Insulative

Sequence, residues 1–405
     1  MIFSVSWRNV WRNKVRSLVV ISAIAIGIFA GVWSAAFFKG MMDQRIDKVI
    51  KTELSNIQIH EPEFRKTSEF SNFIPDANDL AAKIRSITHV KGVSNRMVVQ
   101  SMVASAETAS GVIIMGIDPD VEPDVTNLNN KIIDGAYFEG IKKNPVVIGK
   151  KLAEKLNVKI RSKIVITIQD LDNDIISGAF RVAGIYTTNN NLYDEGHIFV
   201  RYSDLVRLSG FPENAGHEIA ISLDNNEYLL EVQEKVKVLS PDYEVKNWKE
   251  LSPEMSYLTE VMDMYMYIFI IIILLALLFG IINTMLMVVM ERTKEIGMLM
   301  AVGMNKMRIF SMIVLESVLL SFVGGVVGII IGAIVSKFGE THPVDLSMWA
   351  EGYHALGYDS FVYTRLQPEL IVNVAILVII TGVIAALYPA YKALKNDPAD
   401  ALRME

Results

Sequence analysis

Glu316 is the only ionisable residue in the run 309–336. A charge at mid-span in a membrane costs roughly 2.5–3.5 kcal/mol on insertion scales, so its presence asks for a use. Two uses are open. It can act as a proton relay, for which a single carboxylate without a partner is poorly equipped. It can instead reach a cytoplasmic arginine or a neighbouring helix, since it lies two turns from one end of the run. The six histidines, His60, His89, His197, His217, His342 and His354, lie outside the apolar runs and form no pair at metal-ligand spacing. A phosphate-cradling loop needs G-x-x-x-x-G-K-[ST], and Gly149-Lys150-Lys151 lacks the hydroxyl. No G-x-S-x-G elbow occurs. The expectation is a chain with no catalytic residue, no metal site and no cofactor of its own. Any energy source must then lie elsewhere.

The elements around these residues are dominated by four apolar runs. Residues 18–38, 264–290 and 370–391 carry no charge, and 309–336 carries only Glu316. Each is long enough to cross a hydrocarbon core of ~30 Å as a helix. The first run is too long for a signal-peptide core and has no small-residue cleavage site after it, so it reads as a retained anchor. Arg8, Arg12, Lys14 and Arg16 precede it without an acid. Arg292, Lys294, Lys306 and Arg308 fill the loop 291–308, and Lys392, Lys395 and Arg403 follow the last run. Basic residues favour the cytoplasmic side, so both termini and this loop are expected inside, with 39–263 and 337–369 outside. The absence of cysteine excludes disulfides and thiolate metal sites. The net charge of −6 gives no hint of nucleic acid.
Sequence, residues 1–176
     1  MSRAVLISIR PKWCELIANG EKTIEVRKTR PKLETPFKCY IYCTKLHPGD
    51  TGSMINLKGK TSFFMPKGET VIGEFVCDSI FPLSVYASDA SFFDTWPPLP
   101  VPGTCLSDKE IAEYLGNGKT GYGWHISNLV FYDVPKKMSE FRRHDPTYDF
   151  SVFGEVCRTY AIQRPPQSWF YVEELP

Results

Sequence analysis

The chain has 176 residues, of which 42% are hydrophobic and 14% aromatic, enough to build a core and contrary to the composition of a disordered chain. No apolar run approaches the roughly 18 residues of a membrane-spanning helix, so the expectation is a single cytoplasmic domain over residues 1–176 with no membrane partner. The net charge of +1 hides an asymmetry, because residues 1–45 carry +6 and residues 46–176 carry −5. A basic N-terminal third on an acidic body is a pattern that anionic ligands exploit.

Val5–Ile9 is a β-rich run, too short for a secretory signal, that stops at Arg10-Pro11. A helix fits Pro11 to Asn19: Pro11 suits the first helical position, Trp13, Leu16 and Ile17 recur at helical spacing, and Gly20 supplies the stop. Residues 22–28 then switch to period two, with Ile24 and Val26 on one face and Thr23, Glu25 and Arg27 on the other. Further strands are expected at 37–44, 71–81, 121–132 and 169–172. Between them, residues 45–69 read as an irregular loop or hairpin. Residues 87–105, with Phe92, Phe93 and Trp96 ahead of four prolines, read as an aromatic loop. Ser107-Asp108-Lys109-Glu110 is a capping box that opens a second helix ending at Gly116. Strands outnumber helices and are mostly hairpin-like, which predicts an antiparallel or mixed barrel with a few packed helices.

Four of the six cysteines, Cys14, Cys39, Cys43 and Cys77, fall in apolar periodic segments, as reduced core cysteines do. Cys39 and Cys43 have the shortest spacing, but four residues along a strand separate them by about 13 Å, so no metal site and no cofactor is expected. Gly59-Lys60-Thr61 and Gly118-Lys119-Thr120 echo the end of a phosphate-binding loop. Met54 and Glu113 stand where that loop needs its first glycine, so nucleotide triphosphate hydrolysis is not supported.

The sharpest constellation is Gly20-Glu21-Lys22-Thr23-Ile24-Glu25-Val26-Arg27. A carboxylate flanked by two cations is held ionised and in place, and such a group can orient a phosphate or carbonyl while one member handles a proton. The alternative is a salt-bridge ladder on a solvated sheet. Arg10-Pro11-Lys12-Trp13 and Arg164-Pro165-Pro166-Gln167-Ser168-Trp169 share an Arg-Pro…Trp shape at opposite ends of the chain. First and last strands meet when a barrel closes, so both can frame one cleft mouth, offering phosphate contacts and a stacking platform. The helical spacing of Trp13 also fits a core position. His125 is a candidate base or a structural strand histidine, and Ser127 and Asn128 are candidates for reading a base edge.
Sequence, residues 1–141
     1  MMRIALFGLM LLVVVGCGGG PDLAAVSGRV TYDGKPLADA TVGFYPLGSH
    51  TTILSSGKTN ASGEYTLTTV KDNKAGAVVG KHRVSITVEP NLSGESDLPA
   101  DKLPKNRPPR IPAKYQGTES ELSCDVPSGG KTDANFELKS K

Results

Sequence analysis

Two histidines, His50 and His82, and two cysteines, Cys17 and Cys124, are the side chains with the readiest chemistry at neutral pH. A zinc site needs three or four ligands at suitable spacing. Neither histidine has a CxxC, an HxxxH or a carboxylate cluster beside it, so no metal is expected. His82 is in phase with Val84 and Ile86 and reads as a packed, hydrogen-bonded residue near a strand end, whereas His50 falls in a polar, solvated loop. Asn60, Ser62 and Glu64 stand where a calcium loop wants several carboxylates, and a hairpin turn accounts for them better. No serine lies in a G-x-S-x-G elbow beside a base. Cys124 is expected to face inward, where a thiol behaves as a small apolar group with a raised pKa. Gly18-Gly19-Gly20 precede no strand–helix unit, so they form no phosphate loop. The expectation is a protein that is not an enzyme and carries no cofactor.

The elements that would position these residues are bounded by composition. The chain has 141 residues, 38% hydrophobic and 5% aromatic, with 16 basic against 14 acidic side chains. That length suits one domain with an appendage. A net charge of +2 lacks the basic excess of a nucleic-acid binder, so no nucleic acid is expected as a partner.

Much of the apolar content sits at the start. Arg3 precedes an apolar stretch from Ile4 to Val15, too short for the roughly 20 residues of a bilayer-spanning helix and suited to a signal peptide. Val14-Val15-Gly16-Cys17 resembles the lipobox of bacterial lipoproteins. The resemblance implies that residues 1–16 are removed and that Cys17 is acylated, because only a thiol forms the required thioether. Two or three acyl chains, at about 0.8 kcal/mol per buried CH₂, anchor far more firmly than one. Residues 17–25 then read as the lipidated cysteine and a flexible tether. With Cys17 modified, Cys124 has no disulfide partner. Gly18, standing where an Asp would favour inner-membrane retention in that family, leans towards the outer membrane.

The property of “insulation” refers to a material’s ability to store as opposed to conduct. An insulator is the opposite of a conductor. A good example of an insulator is a stone hearth. Although the hearth stores heat from a hot fire, it can be touched without danger because the heat is retained by the hearth and not transferred to the skin (as opposed to touching the metal grille on the same fireplace). In the case of carpet construction, all fibers are insulators unless a conductive coating is applied to the external perimeter of the fibers. Insulated fibers will both generate and store static electricity. They cannot be grounded, even if a copper wire is attached to them.


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